Dominica’s 1,530 hectare, semi-autonomous Kalinago Territory is unique to the region. Descendants of the Caribbean’s first people (self-identified as Kalinago) live here. Before Columbus arrived, it was the indigenous Amerindians who gave the island its original name, Wai’tukubuli, meaning ‘tall is her body’, and whose descendants still eke out a living from traditional larouma reed basket-making, canoe-building, fishing, farming, and cassava bread-making. The Kalinago Barana Auté, located in the village of Crayfish River and built around the Isulukati Waterfall, is a village of traditional thatched buildings like the impressive central karbet, representing how the Kalinago people lived before and for a while after the arrival of the Europeans.
Dominica is the eastern Caribbean’s health and wellness capital; an island replete with raw nature, clean air and water that is so pure you can safely drink straight from its mountain rivers. Because of its volcanic origins, there are several hot sulphur spas in which to relax, where mineral-rich waters revitalise and cleanse, all surrounded by colourful gardens and thick forest. With a strong tradition of farming and fishing, island food is wholesome and fresh, and there are plenty of wellness therapies and services to help you recharge - from massage to yoga to forest bathing. Combine all this with some exercise and a little adventure, and you can’t help but feel well.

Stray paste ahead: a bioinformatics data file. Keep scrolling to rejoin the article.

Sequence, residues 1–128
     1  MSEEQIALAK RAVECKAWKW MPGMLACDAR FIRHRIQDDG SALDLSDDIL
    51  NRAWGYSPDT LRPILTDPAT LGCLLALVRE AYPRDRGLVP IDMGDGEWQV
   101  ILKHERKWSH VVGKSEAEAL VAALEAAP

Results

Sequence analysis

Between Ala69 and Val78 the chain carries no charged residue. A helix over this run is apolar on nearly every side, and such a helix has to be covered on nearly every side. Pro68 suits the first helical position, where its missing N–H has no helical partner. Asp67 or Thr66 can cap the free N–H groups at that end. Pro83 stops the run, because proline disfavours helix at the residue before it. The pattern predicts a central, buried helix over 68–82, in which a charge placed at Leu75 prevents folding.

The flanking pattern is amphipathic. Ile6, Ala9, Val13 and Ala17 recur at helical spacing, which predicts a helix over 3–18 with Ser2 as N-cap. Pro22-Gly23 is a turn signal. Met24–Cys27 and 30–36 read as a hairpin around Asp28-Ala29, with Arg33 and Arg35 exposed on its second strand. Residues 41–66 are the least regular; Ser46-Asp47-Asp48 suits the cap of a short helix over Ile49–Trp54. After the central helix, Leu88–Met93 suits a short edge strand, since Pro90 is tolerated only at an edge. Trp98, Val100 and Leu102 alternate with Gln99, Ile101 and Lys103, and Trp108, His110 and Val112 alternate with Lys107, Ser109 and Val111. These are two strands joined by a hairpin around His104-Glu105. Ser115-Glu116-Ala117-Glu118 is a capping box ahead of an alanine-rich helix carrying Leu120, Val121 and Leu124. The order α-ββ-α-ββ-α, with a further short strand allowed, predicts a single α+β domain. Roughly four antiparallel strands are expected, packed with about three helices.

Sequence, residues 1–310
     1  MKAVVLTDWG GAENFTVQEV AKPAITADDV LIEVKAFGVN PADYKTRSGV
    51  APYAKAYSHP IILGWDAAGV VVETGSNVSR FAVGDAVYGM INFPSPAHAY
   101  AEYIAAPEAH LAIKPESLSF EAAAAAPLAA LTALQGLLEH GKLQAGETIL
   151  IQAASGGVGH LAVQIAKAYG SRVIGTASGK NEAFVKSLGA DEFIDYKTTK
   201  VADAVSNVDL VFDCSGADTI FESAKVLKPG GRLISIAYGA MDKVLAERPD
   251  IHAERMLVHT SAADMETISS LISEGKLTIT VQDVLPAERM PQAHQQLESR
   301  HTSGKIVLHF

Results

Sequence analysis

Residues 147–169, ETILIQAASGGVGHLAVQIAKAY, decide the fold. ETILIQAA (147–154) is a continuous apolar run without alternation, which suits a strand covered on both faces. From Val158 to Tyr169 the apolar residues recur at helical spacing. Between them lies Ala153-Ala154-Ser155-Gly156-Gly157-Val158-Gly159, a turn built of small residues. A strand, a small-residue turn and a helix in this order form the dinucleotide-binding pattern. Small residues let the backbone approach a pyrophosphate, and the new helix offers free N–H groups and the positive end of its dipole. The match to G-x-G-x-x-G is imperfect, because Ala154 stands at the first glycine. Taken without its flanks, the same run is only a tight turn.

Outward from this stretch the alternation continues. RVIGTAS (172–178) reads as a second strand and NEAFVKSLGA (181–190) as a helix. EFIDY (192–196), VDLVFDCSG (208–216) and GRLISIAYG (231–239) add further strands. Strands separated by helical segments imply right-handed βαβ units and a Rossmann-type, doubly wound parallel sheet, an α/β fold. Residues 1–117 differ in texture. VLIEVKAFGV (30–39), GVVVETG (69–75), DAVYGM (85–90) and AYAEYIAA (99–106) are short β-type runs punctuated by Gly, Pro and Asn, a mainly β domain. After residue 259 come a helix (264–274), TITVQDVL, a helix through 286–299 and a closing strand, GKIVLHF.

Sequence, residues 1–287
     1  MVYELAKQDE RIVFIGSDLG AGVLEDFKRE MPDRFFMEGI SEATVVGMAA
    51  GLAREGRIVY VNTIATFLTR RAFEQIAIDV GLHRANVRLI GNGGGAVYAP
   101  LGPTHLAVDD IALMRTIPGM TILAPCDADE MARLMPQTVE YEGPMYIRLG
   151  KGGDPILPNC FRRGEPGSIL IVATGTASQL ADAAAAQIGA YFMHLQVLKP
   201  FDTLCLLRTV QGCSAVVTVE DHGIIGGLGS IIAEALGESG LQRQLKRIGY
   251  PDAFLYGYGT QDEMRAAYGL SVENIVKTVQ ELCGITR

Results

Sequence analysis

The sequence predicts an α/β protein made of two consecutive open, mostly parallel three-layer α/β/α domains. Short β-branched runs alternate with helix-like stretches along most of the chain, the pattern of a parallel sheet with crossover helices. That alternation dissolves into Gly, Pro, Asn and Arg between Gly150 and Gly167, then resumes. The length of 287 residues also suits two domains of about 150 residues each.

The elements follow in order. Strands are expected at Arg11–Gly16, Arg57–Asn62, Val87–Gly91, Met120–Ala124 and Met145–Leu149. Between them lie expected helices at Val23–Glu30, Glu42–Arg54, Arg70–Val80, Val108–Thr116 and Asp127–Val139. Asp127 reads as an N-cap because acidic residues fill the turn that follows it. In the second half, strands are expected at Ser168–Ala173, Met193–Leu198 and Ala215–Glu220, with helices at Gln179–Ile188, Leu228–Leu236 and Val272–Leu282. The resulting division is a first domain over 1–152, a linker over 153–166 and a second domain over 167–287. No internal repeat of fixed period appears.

Dominica is a friendly place. Talk is a national pastime here (just listen to the radio), and most people are very happy to chat and tell you about their island. Beyond the capital, Roseau, where about a quarter of the 70,000 population lives, most places are small coastal or rural farming communities that sprang out of abandoned plantations after the abolition of slavery. This is the Caribbean how it used to be – no designer boutiques, no duty free shops, no sprawling resorts – just simple, traditional communities where you can buy freshly caught fish from the bay side, ground provisions still with dirt on them from the road side, or just slip into the village rum shop for a glass of the local moonshine and a debate about the affairs of the world.
The peace and quiet, the fresh air, the colours, the heritage, and the embrace of nature, all combine to make Dominica an inspirational place for writers, artists, photographers and researchers. Unlike mainstream Caribbean islands, Dominica does not have sprawling and crowded beach resorts. Instead, it has a wealth of cosy and creatively-designed eco cottages – some simple and rustic, some far more luxurious, but all lovely and natural. Wake up to fresh fruits, the joy of bathing in a nearby river pool, spend your day discovering inspirational and photogenic places, and wind down to a gorgeous sunset, a local rum punch and a night time chorus of tree frogs.